Where to stay

In my opinion, there’s no better place to stay at than Bodhi Nava Café & Hostel. Although a bit more expensive than other hostels, it’s definitely worth it if you want to stay at a warm, welcoming, clean place with a really beautiful café which serves some kickass smoothie bowls. Although it’s a bit outside of the city centre, I found that to be a relief. The area itself is quiet and calm, and it only takes about 10 minutes to walk to the famous Shwedagon Pagoda, which is the main sight to see in Yangon. It’s one of the most beautiful hostels I’ve ever stayed in and I would happily return to Yangon just to go there again.

What to do

Yangon can be a bit messy, chaotic and crowded, but there’s a few hidden gems that’s worth visiting in the city. First of all, you must walk to Chinatown. This area is by far the most interesting in Yangon and when night falls, you must go to 19th street in Chinatown. It’s a busy area with bars, food stalls and restaurants, where you can indulge in some Burmese or Chinese food.

Away from the city centre lies the massive Shwedagon Pagoda, one of the main attractions in Yangon. Go here for either sunrise or sunset. If you want less crowds, you should try to make it for the sunrise. Not only is there almost no people there, the pagoda itself is incredible when you finally see it in its full glory.

What to eat

If you are tired of eating fried food and rice, make your way to ‘Nourish Café’ where they serve delicious vegan food. Not only is the food fresh, it also tastes divine and is healthy. They also have desserts there such as vegan muffins. The atmosphere itself is also very relaxed and you’ll find lots of expats sitting there, working on their computer.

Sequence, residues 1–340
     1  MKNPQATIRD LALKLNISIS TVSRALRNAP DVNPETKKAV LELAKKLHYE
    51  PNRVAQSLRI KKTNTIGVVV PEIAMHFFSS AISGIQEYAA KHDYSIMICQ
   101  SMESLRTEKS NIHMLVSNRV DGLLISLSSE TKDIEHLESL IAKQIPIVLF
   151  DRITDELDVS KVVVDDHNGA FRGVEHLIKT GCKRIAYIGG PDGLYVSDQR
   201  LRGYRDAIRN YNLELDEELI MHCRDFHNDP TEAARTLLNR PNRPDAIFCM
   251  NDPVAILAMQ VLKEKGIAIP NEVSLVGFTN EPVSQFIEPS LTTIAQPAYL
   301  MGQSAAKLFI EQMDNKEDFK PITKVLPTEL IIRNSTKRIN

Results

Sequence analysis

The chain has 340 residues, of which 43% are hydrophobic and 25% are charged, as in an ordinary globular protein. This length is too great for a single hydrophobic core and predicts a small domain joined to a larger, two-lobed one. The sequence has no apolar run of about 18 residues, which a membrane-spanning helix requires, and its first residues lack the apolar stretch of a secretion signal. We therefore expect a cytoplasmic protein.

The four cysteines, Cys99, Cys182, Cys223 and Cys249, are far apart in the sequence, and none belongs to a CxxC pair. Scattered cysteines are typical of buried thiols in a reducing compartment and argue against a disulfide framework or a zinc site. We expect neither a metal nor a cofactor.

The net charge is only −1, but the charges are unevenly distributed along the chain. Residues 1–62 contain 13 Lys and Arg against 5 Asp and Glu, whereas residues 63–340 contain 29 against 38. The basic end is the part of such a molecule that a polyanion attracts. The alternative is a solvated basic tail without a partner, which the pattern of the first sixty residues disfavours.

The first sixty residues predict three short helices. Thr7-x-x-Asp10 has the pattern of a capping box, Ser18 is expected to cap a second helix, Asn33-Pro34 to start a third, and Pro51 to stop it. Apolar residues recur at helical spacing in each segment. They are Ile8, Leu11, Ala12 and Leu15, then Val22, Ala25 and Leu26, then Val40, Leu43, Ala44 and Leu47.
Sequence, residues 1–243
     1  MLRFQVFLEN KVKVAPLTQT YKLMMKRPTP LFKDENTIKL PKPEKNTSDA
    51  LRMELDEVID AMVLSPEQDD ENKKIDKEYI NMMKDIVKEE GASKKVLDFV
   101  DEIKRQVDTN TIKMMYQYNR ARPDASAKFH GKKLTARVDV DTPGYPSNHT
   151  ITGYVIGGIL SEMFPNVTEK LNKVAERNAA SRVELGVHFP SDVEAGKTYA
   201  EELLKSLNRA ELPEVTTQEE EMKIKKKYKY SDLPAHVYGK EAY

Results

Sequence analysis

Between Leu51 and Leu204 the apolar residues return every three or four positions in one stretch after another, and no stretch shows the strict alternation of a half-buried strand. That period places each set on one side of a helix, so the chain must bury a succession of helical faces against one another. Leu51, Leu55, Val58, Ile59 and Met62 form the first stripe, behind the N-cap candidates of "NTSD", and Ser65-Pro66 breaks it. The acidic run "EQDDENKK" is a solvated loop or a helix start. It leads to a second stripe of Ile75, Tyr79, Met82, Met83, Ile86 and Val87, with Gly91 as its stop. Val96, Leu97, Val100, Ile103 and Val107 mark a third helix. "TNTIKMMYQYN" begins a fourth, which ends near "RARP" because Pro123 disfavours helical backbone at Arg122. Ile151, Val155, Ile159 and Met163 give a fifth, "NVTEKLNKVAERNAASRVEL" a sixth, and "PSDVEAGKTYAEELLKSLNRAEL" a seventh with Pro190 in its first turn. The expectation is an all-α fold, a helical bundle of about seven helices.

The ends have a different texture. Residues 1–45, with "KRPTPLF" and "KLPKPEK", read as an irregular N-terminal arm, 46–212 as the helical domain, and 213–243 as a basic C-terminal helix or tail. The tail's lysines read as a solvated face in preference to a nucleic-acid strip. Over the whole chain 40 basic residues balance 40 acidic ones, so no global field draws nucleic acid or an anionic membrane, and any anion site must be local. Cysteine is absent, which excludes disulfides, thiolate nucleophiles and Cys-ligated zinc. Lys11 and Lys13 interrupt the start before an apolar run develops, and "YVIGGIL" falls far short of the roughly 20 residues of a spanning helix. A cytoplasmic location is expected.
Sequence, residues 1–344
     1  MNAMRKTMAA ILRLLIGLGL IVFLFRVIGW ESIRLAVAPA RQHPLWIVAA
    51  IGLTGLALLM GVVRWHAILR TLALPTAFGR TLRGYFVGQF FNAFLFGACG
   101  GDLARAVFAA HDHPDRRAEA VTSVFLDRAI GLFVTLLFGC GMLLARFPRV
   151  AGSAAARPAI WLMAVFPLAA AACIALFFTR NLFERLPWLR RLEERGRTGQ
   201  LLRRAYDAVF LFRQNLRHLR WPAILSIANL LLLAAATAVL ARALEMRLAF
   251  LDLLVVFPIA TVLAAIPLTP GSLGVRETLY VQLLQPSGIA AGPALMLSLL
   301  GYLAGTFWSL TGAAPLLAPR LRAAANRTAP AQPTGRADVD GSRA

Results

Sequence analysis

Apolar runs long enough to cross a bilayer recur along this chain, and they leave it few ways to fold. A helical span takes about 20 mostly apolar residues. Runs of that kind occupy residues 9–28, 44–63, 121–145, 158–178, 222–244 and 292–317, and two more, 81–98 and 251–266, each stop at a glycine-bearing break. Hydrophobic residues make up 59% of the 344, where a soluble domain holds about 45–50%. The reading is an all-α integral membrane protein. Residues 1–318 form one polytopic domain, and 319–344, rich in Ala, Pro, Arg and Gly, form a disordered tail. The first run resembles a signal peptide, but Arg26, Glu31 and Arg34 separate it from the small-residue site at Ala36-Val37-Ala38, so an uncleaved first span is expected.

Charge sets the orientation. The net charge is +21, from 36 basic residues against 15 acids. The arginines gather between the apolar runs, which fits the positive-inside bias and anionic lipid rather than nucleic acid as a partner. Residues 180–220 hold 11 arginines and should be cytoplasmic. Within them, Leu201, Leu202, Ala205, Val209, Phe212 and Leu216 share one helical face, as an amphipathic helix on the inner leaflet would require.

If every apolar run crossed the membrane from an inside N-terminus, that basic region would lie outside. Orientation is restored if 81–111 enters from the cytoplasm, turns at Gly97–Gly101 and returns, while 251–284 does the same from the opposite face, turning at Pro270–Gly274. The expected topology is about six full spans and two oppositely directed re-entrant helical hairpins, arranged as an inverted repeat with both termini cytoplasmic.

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Safe countries to travel in

10 Safest Countries in the World


The concept of traveling alone sparks a huge challenge due to the fact that a different environment and ambience awaits the curious wanderer.


In some countries, the locals themselves do not trust their own place as a must-visit, which is of course a warning a traveler should take at their own risk.


But whether it is a matter of national defense and security or work-life balance, these countries are deemed the safest to travel to in 2019.


1.      Singapore


Singapore is a favorite destination of expatriates due to its low crime rates and semblance of better opportunities.


The people of Singapore are very observant when it comes to their cleanliness, which is why chewing gum, smoking, littering, and vandalism are not tolerated at all.


Their discipline and observance only puts their country higher on the list of the safest countries.



2.      Finland


The first in a series of Nordic nations on this list, Finland might be the safest among the fellow Norse solely based on being the “happiest country” according to the 2018 Happiness Report.


Finland is one of the few unknown corners of Europe, which makes it less touched thus, posing a very low risk when it comes to potential dangers.


3.      Norway


Norway may rank second in the 2018 Happiness Report but that does not mean it is less safe. The basis of such is more of a slight economical statistic rather than its people.